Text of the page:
"The Torches of Nero" by Henryk Siemiradzki

“The Torches of Nero” by Henryk Siemiradzki

Much discussion and speculation surrounds this next possible terrorist attack: the burning of Rome in 64 CE.  The fire spread quickly through the city and burned for six days. According to Tacitus, only four of the fourteen districts of Rome escaped the fire, with three being completely destroyed and the other seven being seriously damaged.[9] It is not known, nor will it be ever known, whether accident or arson actually caused the Great Fire of Rome; however, rumours started to quickly circulate in the aftermath that the Christians or even Nero himself was responsible for the conflagration.  Nero held the Christians accountable for the fire and ordered them crucified or burnt alive in revenge.[10] While history has traditionally laid the blame for the fire at Nero’s feet, there is one scholar who still insists that evidence suggests the possibility that the Christians did play a part. Professor Gerhard Baudy of the University of Konstanz in Germany has spent years studying ancient apocalyptic texts and says they all include a prophecy of the destruction of Rome by fire.[11] He believes that Christians, oppressed and miserable under Nero’s rule, may have hastened the fulfillment of this prophecy by starting the fire or at least by adding more fires to an already occurring blaze.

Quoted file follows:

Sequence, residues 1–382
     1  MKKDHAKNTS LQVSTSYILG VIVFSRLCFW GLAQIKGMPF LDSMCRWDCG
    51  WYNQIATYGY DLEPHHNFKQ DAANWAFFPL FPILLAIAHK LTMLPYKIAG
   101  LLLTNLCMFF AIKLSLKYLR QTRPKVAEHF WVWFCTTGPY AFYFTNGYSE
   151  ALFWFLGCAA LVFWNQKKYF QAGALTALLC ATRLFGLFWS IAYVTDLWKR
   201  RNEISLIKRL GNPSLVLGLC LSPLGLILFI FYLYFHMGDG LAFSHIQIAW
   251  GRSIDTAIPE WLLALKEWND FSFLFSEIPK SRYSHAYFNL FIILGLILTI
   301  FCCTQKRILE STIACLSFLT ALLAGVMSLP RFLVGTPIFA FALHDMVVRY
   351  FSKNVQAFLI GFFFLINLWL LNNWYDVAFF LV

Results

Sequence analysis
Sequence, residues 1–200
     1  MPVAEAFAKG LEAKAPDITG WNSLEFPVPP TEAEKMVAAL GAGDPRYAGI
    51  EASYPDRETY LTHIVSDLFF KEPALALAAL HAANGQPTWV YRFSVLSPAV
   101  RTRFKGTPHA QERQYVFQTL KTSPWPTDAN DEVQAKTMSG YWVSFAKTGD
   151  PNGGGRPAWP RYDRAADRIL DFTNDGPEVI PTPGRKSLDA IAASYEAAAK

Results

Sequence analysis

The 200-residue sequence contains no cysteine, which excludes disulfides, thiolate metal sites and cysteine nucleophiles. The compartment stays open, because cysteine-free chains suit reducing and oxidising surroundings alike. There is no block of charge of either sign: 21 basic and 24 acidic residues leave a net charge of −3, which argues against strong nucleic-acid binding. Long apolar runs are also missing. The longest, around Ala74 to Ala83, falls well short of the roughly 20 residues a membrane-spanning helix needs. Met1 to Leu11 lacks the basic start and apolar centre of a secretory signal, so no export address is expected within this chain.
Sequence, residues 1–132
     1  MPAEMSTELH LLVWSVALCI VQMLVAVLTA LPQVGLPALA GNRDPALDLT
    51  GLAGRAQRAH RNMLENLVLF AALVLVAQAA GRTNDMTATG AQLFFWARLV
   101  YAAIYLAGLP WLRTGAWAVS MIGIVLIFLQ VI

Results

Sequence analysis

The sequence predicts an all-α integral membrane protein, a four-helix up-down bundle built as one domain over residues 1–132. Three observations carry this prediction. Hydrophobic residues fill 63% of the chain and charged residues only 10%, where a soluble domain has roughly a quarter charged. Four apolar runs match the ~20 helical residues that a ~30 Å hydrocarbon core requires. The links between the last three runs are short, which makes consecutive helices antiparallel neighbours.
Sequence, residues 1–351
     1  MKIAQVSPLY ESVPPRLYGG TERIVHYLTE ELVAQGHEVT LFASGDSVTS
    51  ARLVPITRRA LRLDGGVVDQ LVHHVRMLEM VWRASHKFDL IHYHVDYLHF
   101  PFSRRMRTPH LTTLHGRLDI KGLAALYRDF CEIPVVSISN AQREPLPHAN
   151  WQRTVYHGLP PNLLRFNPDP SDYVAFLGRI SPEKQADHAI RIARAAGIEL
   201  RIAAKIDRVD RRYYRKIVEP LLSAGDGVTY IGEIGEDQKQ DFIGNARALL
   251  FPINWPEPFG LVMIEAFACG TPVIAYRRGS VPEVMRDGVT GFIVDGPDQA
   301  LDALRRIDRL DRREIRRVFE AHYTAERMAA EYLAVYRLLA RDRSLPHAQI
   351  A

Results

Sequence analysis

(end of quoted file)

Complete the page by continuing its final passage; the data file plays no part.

Although this theory can never be proved or disproved, whoever was responsible for the Great Fire of Rome in 64 CE launched the biggest terrorist attack the world has seen, including the modern age which has witnessed attacks such as 9/11 in the United States and 7/7 in London, England.

Hassan-i Sabbah, leader of the Hashshashin

Hassan-i Sabbah, leader of the Hashshashin

It was not until the 11th century that the next recorded terrorist organisation arose: the Hashashin. This group was an offshoot of the Shia Muslim sect known as the Ismaili.[12] They were led by Hassan-i Sabbah and were in opposition to the Fatimid Caliphate, which held sovereignty from the Arabian Peninsula to the Atlantic Ocean. The Hashashin appropriated Alamut and the other fortress strongholds across Persia.[13] However, the Hashashin forces were too inadequate to face their enemies in open conflict, so instead they resorted to assassinating city governors and military commanders in order to create alliances with neighbours, who had the military strength they needed. For example, the Hashashin assassinated Mawdud, Seljuk emir of Mosul, as a favour to the regent of Damascus, and slew Janah al-Dawla, ruler of Homs, to please Ridwan of Aleppo.[14] The Hashashin also carried out assassinations against the Fatimid Caliphate and as retribution against enemies that had crossed them.[15] There has been some disagreement as to whether the term “terrorist” can be ascribed to the Hashashin,[16] though many of their activities resemble those perpetrated by modern-day terrorist groups.